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The FluoreCam system (Therametric Technologies, Inc.,) a modification of the original QLF light fluorescence system, was used. The portable system included a hand piece of the specialized camera connected to a personal computer containing custom software. To visualize and capture the tooth image, the FluoreCam device uses visually “white” light from an arc lamp based on Xenon Technology, which is filtered through a blue-transmitting band-pass filter with peak intensity of 410 nm and a band width of 80 nm (to ensure that only fluorescent light is detected) to illuminate the tooth with blue-violet light with the aid of a CCD sensor, which had a yellow transmitting filter of 520 nm positioned in front of it to filter out reflected and backscattered light. The FluoreCam uses disposable end caps that allow the hand piece to be placed directly on the surface of the tooth of interest, preventing scattering of light. Custom software can display and analyze suspicious lesions automatically, which is one difference from a typical QLF device. The software allows the clinician to record the subject's identification, date of visit, and images of the recorded teeth [Figure 4].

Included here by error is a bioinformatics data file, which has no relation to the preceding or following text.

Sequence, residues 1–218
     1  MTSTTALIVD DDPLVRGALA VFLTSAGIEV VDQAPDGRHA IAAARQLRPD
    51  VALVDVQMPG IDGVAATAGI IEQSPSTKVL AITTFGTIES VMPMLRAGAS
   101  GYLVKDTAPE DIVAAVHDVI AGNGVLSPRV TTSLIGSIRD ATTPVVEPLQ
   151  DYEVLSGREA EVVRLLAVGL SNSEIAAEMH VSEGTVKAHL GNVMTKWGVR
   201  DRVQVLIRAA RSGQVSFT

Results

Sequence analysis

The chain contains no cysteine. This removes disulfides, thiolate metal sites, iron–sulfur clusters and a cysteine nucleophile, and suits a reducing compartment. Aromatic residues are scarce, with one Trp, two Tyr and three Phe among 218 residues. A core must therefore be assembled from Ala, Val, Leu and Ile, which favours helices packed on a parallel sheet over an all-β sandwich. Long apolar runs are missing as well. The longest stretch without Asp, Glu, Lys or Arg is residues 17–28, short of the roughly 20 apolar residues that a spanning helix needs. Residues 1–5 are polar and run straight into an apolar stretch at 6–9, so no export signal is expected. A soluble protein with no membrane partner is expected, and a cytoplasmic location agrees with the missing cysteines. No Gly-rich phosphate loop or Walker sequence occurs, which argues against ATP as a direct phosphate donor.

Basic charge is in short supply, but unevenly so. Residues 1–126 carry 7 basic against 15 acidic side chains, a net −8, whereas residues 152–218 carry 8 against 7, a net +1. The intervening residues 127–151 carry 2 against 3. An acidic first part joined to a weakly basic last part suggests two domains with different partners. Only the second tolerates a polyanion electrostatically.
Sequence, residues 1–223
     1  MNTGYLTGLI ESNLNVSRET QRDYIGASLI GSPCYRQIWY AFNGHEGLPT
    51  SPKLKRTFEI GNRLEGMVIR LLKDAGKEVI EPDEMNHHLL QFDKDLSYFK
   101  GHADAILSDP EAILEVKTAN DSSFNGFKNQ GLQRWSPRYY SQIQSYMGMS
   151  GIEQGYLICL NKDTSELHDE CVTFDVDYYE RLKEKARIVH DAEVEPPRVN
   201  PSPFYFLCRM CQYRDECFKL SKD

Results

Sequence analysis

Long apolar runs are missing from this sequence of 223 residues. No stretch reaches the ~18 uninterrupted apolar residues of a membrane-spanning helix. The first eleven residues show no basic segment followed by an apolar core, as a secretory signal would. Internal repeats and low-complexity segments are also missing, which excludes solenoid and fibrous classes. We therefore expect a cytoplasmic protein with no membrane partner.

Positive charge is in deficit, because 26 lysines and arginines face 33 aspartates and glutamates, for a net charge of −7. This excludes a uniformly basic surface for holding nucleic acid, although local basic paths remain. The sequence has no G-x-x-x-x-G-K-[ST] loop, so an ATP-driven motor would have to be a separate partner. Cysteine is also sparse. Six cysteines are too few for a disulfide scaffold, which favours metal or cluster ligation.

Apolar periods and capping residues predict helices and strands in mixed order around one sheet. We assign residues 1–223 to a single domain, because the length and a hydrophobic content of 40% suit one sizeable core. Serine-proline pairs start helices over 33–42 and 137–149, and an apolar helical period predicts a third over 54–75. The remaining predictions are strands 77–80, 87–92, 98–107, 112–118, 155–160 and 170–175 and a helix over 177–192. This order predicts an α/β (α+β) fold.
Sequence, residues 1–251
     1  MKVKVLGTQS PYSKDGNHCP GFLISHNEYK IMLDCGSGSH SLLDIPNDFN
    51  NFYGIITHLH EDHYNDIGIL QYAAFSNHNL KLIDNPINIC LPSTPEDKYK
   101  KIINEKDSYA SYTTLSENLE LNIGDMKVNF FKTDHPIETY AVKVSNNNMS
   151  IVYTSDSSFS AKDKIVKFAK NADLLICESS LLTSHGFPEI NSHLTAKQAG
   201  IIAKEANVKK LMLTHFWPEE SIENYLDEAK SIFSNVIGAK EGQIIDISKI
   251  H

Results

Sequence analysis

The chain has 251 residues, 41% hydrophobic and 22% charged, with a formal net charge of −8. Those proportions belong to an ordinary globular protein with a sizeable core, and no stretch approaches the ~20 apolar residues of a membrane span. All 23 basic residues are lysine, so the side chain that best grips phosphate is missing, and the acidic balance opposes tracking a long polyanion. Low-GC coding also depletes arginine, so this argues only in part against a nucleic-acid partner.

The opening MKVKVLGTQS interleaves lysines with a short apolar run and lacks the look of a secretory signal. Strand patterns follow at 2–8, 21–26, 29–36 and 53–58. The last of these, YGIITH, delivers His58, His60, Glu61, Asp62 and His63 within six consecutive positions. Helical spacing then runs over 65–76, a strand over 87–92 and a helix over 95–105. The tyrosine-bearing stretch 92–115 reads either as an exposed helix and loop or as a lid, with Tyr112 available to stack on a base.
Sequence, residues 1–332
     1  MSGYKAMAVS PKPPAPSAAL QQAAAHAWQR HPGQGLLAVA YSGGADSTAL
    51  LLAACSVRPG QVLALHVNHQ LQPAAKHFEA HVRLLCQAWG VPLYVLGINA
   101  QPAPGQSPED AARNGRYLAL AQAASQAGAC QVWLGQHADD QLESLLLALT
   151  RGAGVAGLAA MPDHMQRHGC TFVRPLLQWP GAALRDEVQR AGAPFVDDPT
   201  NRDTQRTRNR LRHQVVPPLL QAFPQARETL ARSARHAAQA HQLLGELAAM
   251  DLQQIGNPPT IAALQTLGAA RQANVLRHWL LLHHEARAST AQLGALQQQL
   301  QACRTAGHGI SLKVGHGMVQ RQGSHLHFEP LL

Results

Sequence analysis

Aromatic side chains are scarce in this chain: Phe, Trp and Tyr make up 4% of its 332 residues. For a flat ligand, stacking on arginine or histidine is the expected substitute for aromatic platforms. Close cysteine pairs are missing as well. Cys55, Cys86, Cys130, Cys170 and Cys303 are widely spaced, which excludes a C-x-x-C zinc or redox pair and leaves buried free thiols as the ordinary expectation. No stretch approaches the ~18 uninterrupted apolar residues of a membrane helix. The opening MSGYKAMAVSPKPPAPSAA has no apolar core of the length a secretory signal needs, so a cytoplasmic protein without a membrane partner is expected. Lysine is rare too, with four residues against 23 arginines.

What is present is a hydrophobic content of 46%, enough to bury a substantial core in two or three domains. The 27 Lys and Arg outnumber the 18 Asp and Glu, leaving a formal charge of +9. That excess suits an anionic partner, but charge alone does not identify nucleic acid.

Figure 4: FluoreCam custom software view of related teeth, including those selected to be followed longitudinally

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   Results Top


In total, 21 permanent incisors and 18 permanent molars were imaged and classified at clinical inspection as healthy teeth(11) and teeth with MIH (28).

Two clinical cases are illustrated in [Figure 5] and [Figure 6].
Figure 5: (a) Clinical molar-incisor hypomineralisation examination of right permanent central incisor (tooth number 11) and unaffected left permanent central incisor (tooth number 21). (b) FluoreCam image of tooth number 11. (c) FluoreCam image of tooth #21. (d) Numerical data of the surfaces of teeth number 11 and 21 from the software

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Figure 6: (a-c) Clinical examination of molar-incisor hypomineralisation right maxillary first permanent molar (tooth number 16) and unaffected right mandibular permanent central tooth (tooth number 41). (b-d) FluoreCam images of teeth number 16 and 41. (c) Numerical data of the occlusal lesion of teeth number 16 and 41 from the software

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Demineralized enamel appeared darker (like a shadow) versus unaffected enamel. The FluoreCam imaging system provided automatic quantitative analysis of lesions via its custom software [Figure 5] and [Figure 6]. Calculations performed of these lesions included lesion area (mm2), percent fluorescence loss (ΔF), and lesion volume (ΔQ; mm 2%). These lesion parameters provided data for the surface area and mineral content of the hypomineralized lesions.


   Discussion Top